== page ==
Mamsa Dhatu: Strength in Grounding

Another aspect to consider in thinking about grounding yoga poses is the mamsa dhatu, or muscle tissue. Mamsa dhatu is primarily made up of the earth element. Therefore, getting in touch with one’s muscles, strength, and healthy sense of will can create a sense of firmness and grounding. Consider practicing yoga asanas in such a way that builds muscle strength and connection. As mentioned above, standing poses are a great way to do this. However, prone backbends (sometimes called belly backbends) are also useful. Think Bhujangasana (Cobra Pose), Salabhasana (Locust Pose), and Dhanurasana (Bow Pose). Also, since you are literally on the floor or ground when you practice these asanas, you will further increase a sense of connection to the earth.

Meditation for Grounding

In addition, perhaps easier said than done...take a firm seat and sit upright in silence for 5-30 minutes. This is an excellent way to bring about a sense of grounding, calm, and earth connection. The exact position of your seated pose may vary a bit depending on your needs and abilities. You can sit cross-legged, or in Padmasana (Lotus Pose), or Virasana (Hero’s Pose). These are a few options. Just be mindful of the health of your joints, and choose a seated asana that you can remain in comfortably and pain-free for the duration of your seated practice.

Visualizations for Grounding

A symptom of being ungrounded is an inability to focus. This is where practicing or listening to a guided visualization can help. When we channel our minds, we may have an easier time staying present. Try this exercise next time you want to feel more grounded:⁠ Start by breathing in slow and steady. ⁠Draw your attention to your feet. ⁠Stand tall. Imagine dark, cool and moist soil under your feet. ⁠Allow your feet to feel heavy. ⁠See yourself sink deep into the soil. ⁠Feel yourself be strong and rooted. ⁠Picture a tree. ⁠Now you are the tree. ⁠Envision roots growing out of your feet, running deep and anchoring you firmly into the earth. ⁠Bring your attention upward and stand tall. ⁠Reach toward the sky while maintaining your roots in the ground. Feel the sun shining down on you. You are alive, strong and radiant. ⁠Take a moment to bask in these sensations. ⁠How do you feel? ⁠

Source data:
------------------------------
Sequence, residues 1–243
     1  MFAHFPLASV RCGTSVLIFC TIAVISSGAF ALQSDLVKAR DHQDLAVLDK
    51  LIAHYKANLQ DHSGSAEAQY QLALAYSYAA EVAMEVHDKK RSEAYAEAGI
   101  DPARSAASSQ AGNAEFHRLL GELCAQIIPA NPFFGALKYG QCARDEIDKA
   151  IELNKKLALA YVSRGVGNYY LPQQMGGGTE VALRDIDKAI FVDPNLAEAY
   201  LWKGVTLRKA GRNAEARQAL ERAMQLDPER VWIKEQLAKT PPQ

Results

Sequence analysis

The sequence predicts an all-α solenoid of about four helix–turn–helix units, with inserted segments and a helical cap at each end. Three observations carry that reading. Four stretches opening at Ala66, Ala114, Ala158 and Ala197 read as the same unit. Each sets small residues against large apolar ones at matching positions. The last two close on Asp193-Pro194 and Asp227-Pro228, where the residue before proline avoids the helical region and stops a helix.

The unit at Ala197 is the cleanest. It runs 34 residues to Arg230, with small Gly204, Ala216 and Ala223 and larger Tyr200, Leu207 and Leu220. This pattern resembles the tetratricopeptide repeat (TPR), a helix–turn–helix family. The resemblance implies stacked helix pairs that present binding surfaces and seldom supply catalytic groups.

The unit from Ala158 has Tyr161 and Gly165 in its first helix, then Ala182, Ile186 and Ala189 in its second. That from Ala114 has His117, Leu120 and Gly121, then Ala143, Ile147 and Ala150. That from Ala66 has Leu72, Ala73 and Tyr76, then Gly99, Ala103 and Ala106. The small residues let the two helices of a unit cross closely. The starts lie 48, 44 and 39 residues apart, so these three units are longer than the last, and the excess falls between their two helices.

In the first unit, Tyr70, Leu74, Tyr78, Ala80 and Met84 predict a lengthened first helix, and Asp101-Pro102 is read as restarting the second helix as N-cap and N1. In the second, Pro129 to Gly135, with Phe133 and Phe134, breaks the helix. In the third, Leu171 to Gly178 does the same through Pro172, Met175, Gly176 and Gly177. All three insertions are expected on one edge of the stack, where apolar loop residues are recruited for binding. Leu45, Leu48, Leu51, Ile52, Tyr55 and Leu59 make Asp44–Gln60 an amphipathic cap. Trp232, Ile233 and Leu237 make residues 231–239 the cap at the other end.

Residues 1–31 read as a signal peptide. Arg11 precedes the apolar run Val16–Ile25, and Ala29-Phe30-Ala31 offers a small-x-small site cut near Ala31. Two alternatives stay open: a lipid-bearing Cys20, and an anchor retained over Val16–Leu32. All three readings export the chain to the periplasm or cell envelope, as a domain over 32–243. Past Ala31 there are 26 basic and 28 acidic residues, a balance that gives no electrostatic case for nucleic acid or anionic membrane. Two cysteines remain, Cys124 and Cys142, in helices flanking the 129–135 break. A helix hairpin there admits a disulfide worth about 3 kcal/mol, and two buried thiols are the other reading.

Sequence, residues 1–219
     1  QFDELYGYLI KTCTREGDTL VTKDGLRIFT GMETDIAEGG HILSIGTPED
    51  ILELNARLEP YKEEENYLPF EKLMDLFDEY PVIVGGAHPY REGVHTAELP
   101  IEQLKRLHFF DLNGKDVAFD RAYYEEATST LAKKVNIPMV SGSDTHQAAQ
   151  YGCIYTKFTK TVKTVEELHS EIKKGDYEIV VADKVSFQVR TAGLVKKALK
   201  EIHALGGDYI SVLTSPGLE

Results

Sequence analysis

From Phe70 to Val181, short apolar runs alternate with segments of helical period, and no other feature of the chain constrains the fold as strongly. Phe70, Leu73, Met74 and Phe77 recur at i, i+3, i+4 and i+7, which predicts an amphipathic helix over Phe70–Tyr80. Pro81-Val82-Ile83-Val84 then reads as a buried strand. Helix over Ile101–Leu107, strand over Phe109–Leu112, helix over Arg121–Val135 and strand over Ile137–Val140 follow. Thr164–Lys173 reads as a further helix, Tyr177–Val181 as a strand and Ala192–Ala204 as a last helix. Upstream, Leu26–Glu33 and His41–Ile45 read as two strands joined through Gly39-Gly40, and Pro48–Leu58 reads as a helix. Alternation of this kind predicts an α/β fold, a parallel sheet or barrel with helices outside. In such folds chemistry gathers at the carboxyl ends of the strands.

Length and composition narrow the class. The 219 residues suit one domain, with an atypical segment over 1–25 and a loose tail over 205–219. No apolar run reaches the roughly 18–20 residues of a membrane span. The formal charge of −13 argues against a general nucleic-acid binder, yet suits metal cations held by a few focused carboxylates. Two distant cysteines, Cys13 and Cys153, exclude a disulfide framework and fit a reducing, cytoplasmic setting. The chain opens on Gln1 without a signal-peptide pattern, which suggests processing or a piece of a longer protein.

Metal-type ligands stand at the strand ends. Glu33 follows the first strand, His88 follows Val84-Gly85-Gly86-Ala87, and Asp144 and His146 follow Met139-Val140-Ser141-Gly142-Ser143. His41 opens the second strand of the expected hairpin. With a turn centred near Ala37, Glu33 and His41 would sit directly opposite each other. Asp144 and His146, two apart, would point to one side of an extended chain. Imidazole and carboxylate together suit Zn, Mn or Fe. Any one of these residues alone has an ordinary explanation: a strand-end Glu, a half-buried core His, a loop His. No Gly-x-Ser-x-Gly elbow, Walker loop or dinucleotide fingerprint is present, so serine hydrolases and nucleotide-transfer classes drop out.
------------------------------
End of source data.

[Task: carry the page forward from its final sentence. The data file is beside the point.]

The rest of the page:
Mantras and Affirmations for Grounding

Mantra repetition is another technique that can be very helpful in grounding and focusing Vata during meditation. The bija mantra “Lum” is particularly helpful in connecting to the earth element and creating a sense of grounding. “Lum” corresponds to the root chakra. When chanting, try using deep, slow, vibrating sounds. The experience can be stabilizing as well as warming. Mala beads can also help with grounding due to the tactile experience they provide. You may also want to help yourself stay grounded by repeating affirmations each day. Some examples of affirmations good for grounding include:⁠
  • I am grounded⁠.⁠
  • I am centered.⁠
  • I am safe and secure.⁠
  • I have everything I need.⁠
  • I trust in myself and life's wisdom.⁠

Taste for Grounding

Did you know that you can use taste as a tool for grounding? In Ayurveda, rasa is the word for ‘taste,’ but it also has several other meanings, including ‘essence’. Taste and essence are connected as taste is a way of experiencing the essence of our being in that moment. Through taste, we can connect with our senses to become present. Chyawanprash is a particularly helpful supplement for grounding. That's because Chyawanprash contains all six tastes: sweet, sour, salty, pungent, bitter, and astringent. Each taste serves a purpose and corresponds to a certain area of the tongue, which corresponds to a specific organ and dosha. When you consume Chyawanprash - slowly taking in all tastes as they appear - you'll move awareness out of your mind and into your senses, while simultaneously waking up the body and balancing the doshas. This helps you become more grounded and present. Learn more about the benefits of taking Chyawanprash before yoga. What are your tips for staying grounded?⁠ Greta Kent-Stoll is a Certified Ayurvedic Practitioner (NAMA), as well as a writer, editor, and Certified Iyengar Yoga Teacher. Her Ayurveda practice is based in Asheville, North Carolina and she is the co-owner of Iyengar Yoga Asheville